Transforming Caregiver Stress into Compassion Resilience

Conflict Is Not A Dirty Word

Conflict.

It’s a word charged with emotion and it can strike discomfort and fear into the bodies and souls of many of us.

That’s not surprising, since our experiences of conflict tend to be painful at worst and frustrating at best. Just bringing the word to mind can produce images connected with negative states of opposition, hostility and harm.

No wonder we go out of our way to ignore or deflect it, even when we know that’s a pointless exercise, since it will return to bite us hard on the backside.

When Sparks Fly They Light Up The Sky

But yesterday I was reading a conflict post over at www.thecorporatehippy.co.uk  and got to thinking.

Since I am in the practice of looking for where the Power resides inside my current challenges, I was curious about our trouble with conflict, and whether there is a more positive power that lies at the heart of it.

And I’ve come to the conclusion that conflict is everywhere and it informs everything we do.

 

Where there are ideas to share, there is conflict

Where there is opinion to be spoken, there is conflict

Where there is diversity to celebrate, there is conflict

Where there are stories of adventure, love and triumph, there is conflict

In short, where there are people, there will be conflict

Conflict is not by nature destructive, competitive or disabling. But our reaction to it usually is.  We feel the way we do about conflict, because we have learnt some things along the way, which may no longer be serving us well.

Our conflict triggers are partly learned through our childhood experiences and family interactions, and which are now embedded in our bodies as habits and patterns. These patterns formed before we knew better, before we had the competencies and authority we need to meet external challenges with self-trust and confidence and before we had exposure to teachers and role models to show us differently.  We have learned to experience conflict as a challenge or an attack on our safety, our psyche, our identity.

So we forget that conflict has generative power and lies at the heart of new ideas, creativity, and, ultimately, change. Without it there would be no vital force to drive our selves or our businesses through stagnation and stuckness, towards progress and growth.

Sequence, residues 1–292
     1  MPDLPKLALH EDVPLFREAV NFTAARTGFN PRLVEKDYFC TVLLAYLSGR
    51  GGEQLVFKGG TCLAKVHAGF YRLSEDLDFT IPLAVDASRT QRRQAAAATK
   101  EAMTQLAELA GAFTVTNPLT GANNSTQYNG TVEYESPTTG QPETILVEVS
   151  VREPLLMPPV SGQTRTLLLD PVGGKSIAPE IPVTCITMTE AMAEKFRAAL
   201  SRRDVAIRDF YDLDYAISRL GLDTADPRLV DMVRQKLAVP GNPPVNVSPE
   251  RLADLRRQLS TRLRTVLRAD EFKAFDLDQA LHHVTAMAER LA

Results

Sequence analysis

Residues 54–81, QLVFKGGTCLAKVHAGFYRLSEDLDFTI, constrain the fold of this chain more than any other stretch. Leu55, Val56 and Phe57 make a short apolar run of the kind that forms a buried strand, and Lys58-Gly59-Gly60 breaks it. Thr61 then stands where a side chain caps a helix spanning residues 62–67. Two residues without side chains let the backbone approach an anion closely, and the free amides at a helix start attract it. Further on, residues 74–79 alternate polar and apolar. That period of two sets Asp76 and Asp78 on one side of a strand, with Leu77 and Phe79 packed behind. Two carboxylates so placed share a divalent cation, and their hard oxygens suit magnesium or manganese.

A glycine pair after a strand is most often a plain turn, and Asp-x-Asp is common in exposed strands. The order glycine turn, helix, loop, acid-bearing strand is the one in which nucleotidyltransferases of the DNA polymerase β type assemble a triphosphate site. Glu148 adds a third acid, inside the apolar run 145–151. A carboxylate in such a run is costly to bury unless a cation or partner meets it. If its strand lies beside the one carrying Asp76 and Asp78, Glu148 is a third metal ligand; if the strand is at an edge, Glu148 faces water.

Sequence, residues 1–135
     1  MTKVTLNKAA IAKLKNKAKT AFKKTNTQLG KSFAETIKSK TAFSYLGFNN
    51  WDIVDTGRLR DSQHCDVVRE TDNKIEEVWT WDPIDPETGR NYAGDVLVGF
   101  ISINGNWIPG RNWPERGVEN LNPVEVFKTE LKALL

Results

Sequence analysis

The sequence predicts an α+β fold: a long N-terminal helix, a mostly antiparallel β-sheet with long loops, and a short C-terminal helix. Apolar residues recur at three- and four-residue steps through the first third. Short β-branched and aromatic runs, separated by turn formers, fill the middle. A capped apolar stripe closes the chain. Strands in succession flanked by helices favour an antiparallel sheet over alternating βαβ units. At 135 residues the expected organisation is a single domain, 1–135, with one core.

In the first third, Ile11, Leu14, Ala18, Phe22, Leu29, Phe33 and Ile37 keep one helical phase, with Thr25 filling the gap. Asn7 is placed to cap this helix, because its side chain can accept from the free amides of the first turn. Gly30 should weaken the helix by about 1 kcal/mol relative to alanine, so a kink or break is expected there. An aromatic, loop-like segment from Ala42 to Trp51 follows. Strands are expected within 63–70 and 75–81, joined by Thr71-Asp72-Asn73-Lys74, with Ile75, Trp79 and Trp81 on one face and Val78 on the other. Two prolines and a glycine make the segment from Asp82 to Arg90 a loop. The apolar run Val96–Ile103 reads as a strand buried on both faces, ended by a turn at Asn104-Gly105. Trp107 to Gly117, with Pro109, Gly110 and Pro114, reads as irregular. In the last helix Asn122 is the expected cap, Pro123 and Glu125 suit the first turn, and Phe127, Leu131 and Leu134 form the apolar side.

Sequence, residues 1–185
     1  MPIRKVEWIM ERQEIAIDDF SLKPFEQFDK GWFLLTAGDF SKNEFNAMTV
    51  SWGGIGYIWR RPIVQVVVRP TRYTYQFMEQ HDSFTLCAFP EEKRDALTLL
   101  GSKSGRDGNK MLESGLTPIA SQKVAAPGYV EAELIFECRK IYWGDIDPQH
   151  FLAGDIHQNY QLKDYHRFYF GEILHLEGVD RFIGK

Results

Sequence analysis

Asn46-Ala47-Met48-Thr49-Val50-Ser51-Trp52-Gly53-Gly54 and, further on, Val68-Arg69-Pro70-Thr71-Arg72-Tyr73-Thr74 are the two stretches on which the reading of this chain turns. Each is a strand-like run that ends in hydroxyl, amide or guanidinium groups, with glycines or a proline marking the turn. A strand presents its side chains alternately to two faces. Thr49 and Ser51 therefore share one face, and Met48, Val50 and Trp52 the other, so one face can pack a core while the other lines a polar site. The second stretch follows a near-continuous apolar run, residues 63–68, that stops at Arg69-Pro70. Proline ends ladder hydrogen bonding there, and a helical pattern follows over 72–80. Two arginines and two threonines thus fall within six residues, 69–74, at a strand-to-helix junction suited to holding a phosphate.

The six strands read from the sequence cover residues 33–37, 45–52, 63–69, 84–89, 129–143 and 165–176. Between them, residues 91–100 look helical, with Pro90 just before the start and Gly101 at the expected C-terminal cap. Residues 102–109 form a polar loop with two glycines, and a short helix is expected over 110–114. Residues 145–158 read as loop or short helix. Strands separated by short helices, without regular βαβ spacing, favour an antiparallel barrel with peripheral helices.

Power At The Heart Of Conflict

For all these reasons, conflict doesn’t have to, and can’t always, be either deflected or resolved.

And if we are to step into being powerful Leaders for our businesses and our selves, we need to learn to be okay with that. We need to learn how to live more comfortably with conflict.  We need to learn how to increase our capacity, resilience and willingness to engage with it, because the bottom line is, none of us would learn, if we were never challenged, and we would not be able to survive the sorts of challenges that come with increased visibility and success.

Of course, that’s easier to say than to do, and it means a fundamental shift in how we relate to the world. That could mean working on such things as boundaries, vulnerability, speaking up, and giving up control. But its worth getting on the path, because in the heat of the moment, we will be able to stand our ground and stay committed to our goal, whilst allowing everyone to retreat with their dignity  intact.

Part of the work involves deepening your awareness of your internal somatic environment; the thoughts, beliefs, emotions and sensations that are triggered in response to both real and imagined dangers, and learning how to transform them so your body supports you in taking effective action.

And part of it involves building in the security that comes from having the interpersonal and language skills that are essential for navigating through toxic situations safely.

My training can help you discover how to remain in your power in the midst of conflict and I will explore some of the steps in future posts.  Like the rest of my work, the answers are simple, but not always easy.

In the meantime, consider what is your current relationship to conflict. Notice your own responses, assumptions, anxieties and prejudices and question how true they are.  And notice where you might be able to find the positive power within it.

For other resources, visit my favourite blogger on the subject, Tammy Lenski at www.lenski.com/blog especially this recent post http://lenski.com/blog/negative-peace-positive-peace-what-kind-do-you-want/

 

 

 

 

 

 

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